June 9, 2015
The true value that an entrepreneurial program offers students at a college or university shouldn’t be measured in capital raised, by the number of employees they have, or how many mentors they have signed on. Granted all of those are great things and also shouldn’t be ignored, but I think the important thing to pay attention to is the drive and passion instilled in the student.
Not long ago I went to the University of San Diego to watch their V2 Pitch Competition, and I saw a group of college men take the stage. The crowd was laced with their friends and supporters who raucously cheered as they took the microphone.
If I’m being completely honest, I thought it was a case of your classic college hijinks, but then the founder got into his pitch and I realized how wrong I was. Nathan Resnick might not have won the gold at V2 that night, but I noticed something very interesting about his brand, which he’s called YesMan.
Not only do I think it’s a fun and smart idea, I also think it’s fueled entirely by drive and passion. That’s something Resnick proved to me when I met with him to talk more about it, and that’s something he honed at his university:
“YesMan is my baby and I want to grow it into a huge company,” Resnick says, adamantly.
During his freshman year of college Resnick and some of his friends realized that a lot of good things in this world start with one simple word: yes. As a team they would push each other to accomplish as much as they could with their day, all centered on the concept of opening up to possibility and opportunity with a “yes”.
And then it happened – one day Resnick checked the time on his watch. His mind was instantly forced to negativity because he hates the holes on leather watch straps.
What if your wrist size falls right in the middle of two of those holes? That question led him to think: why hasn’t anybody made a leather watch strap without holes? Can I really do this?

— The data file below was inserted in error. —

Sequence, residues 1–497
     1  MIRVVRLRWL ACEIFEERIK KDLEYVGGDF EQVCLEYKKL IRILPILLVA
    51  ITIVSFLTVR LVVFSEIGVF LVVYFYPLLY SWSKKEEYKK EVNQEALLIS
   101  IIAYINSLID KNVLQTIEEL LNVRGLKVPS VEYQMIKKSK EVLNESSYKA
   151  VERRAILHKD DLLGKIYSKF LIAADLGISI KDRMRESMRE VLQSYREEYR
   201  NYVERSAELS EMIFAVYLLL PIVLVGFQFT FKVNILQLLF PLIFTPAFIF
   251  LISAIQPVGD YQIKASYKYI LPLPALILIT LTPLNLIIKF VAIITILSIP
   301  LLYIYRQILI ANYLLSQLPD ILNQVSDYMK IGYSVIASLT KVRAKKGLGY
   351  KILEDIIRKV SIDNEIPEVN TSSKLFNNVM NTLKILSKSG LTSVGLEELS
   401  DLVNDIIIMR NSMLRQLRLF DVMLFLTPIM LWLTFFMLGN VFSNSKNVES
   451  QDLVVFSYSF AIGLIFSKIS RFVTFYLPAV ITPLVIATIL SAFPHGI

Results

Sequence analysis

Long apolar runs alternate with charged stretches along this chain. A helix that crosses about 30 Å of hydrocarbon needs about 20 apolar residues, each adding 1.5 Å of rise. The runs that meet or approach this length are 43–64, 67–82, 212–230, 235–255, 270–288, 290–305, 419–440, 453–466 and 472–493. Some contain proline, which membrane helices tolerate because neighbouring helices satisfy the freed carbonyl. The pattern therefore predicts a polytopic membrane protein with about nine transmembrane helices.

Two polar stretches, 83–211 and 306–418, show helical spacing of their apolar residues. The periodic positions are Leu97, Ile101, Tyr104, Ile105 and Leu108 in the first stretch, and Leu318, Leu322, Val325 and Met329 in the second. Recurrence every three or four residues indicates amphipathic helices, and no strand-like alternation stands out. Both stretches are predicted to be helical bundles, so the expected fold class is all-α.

Of course, his answer was “yes”, and not long after he had a patent pending on an entirely new kind of wristwatch band and buckle concept. That’s when YesMan was born. The team at YesMan realized that pretty much every leather watch strap is made with holes in it, which reads as horribly inefficient to Resnick.
“Currently we have the only leather watch strap without holes. It keeps the leather on your strap fresh and pretty much guarantees a perfect fit,” explains Resnick.
Not long after the first Kickstarter to fund this idea, which was funded past the $15,000 goal to $32,648, Resnick introduced YesMan’s second product. Alongside the watches, YesMan now sells sunglasses – and we’re not talking like the cheesy glasses you get at trade shows.
The team isn’t stopping their either: they’ve got three Kickstarter campaigns lined up for the summer of 2015. Only one of them, however, is geared towards growing YesMan. The other two will be for building two other completely separate brands, and Resnick assures me he won’t be spending any less time on YesMan because of it.
“I thought it would be the money that would motivate me, but the best day of the whole experience is when we saw our ideas turn into a physical product,” says Resnick. “What motivates me now is seeing people wearing our products. It’s unbelievable.”
To bring it full circle, let’s revisit where this voracious entrepreneurial hunger came from. I think on some level the entire purpose of education is to help students achieve complete learning autonomy, in whatever form that takes.
Case in point, Resnick hasn’t even graduated yet and he’s already built one successful brand with two more in the works. Imagine where he’ll be five years out from graduation.
Disclosure: I went to the University of San Diego, but I did not attend at the same time as Resnick and had not met him prior to the USD V2 Pitch Competition.
Image Credit: Wikimedia Commons
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